Challenges of Adaptive Reuse
Of course, no adaptive reuse project is without its challenges. And while the exact difficulties will vary from project to project, they typically fall into one of the following categories: regulatory, economical, or practical.
One of the biggest barriers to adaptive reuse is the limitations imposed by certain building codes and regulations, which can vary widely between county and state lines. Whenever a structure’s purpose changes, it must be updated to comply with any codes and licensing requirements applicable to its new classification.
Many older buildings, for example, do not meet today’s accessibility, safety, and energy requirements, which means more money will need to be spent at the outset to bring the building up to code.
What’s more, modern zoning stipulations can limit a building’s adapted reuse options, which can make it difficult to find a suitable location for the desired project. To mitigate these challenges, consult with professionals who have experience dealing with your area’s local building laws.
Despite typically having lower construction costs, adaptive reuse projects may face a range of economic challenges that reduce the viability of renovating a property, including:
- High labor costs. On average, labor costs account for 60% of the expenses associated with adaptive reuse projects, as they require more skilled professionals than new construction projects do.
- High repair costs. Depending on the state of the building itself, the expenses needed to bring it up to code—and continue maintaining it—may be too great to justify the time and energy that renovations would actually take.
- Lack of stakeholders. Due to the real and perceived risks of adaptive reuse projects, many stakeholders are reluctant to help fund large-scale renovations for fear of losing money.
Fortunately, there are tax incentives and government programs that can help supply funding to adaptive reuse projects that meet certain criteria. The Inflation Reduction Act, for example, offers a tax deduction for projects that reduce an existing building’s energy usage. Projects that qualify for federal historic tax credits are eligible to have up to 20% of their construction costs paid for.
Finally, there are a few practical challenges that plague adaptive reuse projects, including constraints imposed by a building’s existing layout. Heavily compartmentalized structures, for example, are harder and more expensive to modify than buildings with an open interior. What’s more, older buildings typically require more complex refurbishing solutions that may be beyond the scope of many industry professionals.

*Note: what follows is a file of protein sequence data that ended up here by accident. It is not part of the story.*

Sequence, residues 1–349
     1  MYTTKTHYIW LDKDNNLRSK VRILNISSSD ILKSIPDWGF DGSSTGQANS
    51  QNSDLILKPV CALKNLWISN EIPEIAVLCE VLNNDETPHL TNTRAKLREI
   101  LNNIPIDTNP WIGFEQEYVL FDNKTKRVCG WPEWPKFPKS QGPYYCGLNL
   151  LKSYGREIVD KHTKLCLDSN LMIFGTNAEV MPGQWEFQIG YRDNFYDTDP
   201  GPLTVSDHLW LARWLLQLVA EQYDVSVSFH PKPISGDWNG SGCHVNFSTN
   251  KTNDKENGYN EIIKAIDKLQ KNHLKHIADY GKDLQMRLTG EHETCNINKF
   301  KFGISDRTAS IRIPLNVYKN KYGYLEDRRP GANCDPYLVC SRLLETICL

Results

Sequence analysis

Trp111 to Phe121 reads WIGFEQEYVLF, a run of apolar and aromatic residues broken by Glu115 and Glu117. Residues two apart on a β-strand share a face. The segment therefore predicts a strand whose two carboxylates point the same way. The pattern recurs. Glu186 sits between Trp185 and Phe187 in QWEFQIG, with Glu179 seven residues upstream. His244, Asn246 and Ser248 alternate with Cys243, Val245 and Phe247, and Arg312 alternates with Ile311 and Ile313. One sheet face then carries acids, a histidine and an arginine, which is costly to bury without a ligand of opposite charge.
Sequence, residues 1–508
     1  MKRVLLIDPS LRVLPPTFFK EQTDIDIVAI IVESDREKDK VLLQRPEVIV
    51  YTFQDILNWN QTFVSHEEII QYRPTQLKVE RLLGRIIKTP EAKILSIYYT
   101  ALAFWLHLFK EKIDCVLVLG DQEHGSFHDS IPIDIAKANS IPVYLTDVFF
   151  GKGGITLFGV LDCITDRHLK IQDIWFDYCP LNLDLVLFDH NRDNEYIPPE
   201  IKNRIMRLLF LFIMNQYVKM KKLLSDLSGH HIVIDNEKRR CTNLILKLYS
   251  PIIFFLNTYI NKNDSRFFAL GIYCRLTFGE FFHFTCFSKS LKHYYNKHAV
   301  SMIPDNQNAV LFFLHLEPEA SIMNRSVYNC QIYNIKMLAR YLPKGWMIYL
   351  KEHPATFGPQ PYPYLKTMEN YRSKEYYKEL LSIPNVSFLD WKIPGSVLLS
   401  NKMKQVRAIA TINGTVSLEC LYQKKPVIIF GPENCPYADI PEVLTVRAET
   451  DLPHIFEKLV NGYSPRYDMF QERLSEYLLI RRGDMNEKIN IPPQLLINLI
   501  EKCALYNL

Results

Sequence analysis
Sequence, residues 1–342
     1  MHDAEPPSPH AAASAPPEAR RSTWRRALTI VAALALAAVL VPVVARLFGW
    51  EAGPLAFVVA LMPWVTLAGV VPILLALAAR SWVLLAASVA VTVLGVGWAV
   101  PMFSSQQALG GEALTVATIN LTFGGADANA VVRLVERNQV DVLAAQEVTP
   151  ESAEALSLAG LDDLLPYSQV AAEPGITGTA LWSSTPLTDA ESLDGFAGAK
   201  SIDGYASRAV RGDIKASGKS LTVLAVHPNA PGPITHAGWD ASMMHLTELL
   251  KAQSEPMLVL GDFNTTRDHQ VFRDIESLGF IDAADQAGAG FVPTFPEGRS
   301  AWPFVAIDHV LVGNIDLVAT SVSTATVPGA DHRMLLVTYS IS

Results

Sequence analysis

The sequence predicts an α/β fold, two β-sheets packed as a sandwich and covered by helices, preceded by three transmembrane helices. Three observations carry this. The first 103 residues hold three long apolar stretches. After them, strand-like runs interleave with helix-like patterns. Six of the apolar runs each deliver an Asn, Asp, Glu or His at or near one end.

It can also be difficult to find accurate blueprints and other important information—such as material or dimensional inconsistencies—on older buildings slated for redevelopment, which can hinder and lengthen the redesign process.
That said, adaptive reuse places a lot of emphasis on finding creative solutions to practical design barriers—if you have the time and budget, your architect should be able to help figure out ways around them.
Examples of Adaptive Reuse in Action
Despite these challenges, there are plenty of successful adaptive reuse projects to draw inspiration from. A few of our favorites include:
The Night Ministry
In Chicago The Night Ministry headquarters is an excellent example of how adaptive reuse can be used to strengthen communities and foster social equity. Built in 1910 as a manufacturing plant, the building that now houses The Night Ministry—a nonprofit that provides a variety of social services—was redesigned in 2020 by Wheeler Kearns Architects to serve as both the organization’s administrative office and as a community-outreach center.
“The Night Ministry’s new home revitalizes an underutilized building, known for the murals that adorn its exterior, into a welcoming and safe community asset,” Erica Ulin, the project lead at Wheeler Kearns, told gb&d in a previous article,
Separated into three floors, The Night Ministry’s ground floor houses “The Crib,” an overnight shelter for young adults that includes showers, restrooms, sleeping quarters, a kitchen, and a multipurpose dining room. Outside a repurposed loading dock functions as an accessible entrance. Administrative offices and meeting spaces are housed on the second and third floors, allowing The Night Ministry’s employees to continue to provide warm meals, housing support, and healthcare services to those experiencing poverty and homelessness in the greater Chicago area.